Hep C and the Undiagnosed

Hepatitis C (hep C) is a viral infection that can cause liver damage. Luckily, hep C is easy to treat. But about half of people with hep C do not know they have it. In the United States, this is about 1.8 million people. Without treatment, hep C can cause serious liver damage and cancer.1-3

Why can hep C be undiagnosed?

People may not realize they have hep C because symptoms can take a long time to show up. There are 2 phases of hep C: acute and chronic. Symptoms during the acute phase are rare and can go unnoticed. They include:1

  • Feeling tired
  • Muscle aches
  • Upset stomach
  • Fever

The acute phase happens 1 to 3 months after exposure and can last 2 weeks to 3 months. But many people do not have these symptoms and do not know they have hep C.1

Some people may only have acute hep C and clear the virus from their bodies. For others, it develops into chronic hep C.1

Chronic hep C can be unnoticeable for a long time until it begins to cause liver damage. The symptoms people notice are often actually the signs of liver disease. These include:1

  • Bleeding or bruising easily
  • Yellow skin or eyes
  • Feeling tired or not hungry
  • Dark urine
  • Swollen legs
  • Weight loss

How is hep C diagnosed?

Doctors use a blood test to check for hep C. But people may not know to test if they do not show symptoms. Even for people who do test, getting a diagnosis involves 2 tests. Some people do not return for the second test because of the time, cost, and effort involved.4

The US Preventive Services Task Force recommends screening all people ages 18 to 79 for hep C. This means testing people for hep C even if they do not show symptoms. The Centers for Disease Control and Prevention (CDC) also recommends hep C screening for people in many high-risk groups.3

Who might have undiagnosed hep C?

Diagnosed or undiagnosed hep C is more common in certain groups of people (populations). This is because something about the group can make people more likely to be exposed to hep C. For example, high-risk populations include:1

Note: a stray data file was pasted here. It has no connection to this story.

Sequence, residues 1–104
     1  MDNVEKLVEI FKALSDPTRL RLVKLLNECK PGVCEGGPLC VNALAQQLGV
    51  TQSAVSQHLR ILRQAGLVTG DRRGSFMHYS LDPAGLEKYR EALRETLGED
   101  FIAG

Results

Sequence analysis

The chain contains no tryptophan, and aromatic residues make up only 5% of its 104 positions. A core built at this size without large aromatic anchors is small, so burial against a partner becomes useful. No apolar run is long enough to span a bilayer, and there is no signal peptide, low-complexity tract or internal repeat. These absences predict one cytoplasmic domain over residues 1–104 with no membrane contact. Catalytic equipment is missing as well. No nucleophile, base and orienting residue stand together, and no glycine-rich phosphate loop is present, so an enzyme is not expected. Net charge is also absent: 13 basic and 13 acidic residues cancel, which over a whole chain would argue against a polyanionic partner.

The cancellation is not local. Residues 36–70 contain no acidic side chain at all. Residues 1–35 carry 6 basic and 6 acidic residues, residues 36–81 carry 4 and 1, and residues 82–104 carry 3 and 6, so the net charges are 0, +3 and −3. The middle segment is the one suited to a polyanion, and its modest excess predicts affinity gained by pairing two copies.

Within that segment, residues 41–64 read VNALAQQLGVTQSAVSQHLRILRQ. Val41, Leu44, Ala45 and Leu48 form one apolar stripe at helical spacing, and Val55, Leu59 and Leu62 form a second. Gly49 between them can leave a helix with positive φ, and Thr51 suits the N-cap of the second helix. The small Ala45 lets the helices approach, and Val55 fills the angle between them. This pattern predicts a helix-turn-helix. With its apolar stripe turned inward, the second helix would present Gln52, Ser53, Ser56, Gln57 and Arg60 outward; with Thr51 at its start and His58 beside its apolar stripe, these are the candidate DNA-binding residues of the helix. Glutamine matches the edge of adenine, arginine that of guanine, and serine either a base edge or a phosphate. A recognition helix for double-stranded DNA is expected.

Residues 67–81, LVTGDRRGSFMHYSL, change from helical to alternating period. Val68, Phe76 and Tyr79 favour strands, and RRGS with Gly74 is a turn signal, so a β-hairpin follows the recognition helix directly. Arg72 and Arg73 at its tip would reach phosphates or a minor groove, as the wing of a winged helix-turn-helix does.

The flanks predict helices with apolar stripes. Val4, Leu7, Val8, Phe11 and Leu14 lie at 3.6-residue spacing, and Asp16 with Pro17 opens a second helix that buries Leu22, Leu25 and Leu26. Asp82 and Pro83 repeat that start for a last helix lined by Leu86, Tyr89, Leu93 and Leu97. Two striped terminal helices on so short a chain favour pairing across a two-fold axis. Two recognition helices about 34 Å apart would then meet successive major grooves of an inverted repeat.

• People born between 1945 and 1965. People this age are about 5 times more likely to have hep C.
  • People who have injected or inhaled illegal drugs.
  • Healthcare workers exposed to infected blood, such as through an accidental needle prick.
  • People with HIV.
  • People who are or have been in prison.
  • Anyone born to a mother with hep C.
  • People who have received a type of treatment called clotting factor concentrates before 1987 or hemodialysis treatments for a long time.
  • People with tattoos or piercings done in an unclean or unsterile location.
  • Anyone who received a blood transfusion or organ transplant before 1992.

Some people in these communities may also have barriers to accessing hep C testing. For example, some people do have access to healthcare. So it is possible there are even more undiagnosed people in these groups.3,4

If you are worried about your risk for hep C, ask your doctor about a screening test. You can also take precautions such as:1

  • Practicing safer sex
  • Checking for cleanliness when you get a tattoo or piercing
  • Not inhaling (snorting) or injecting (shooting) drugs
This article represents the opinions, thoughts, and experiences of the author; none of this content has been paid for by any advertiser. The HepatitisC.net team does not recommend or endorse any products or treatments discussed herein. Learn more about how we maintain editorial integrity here.

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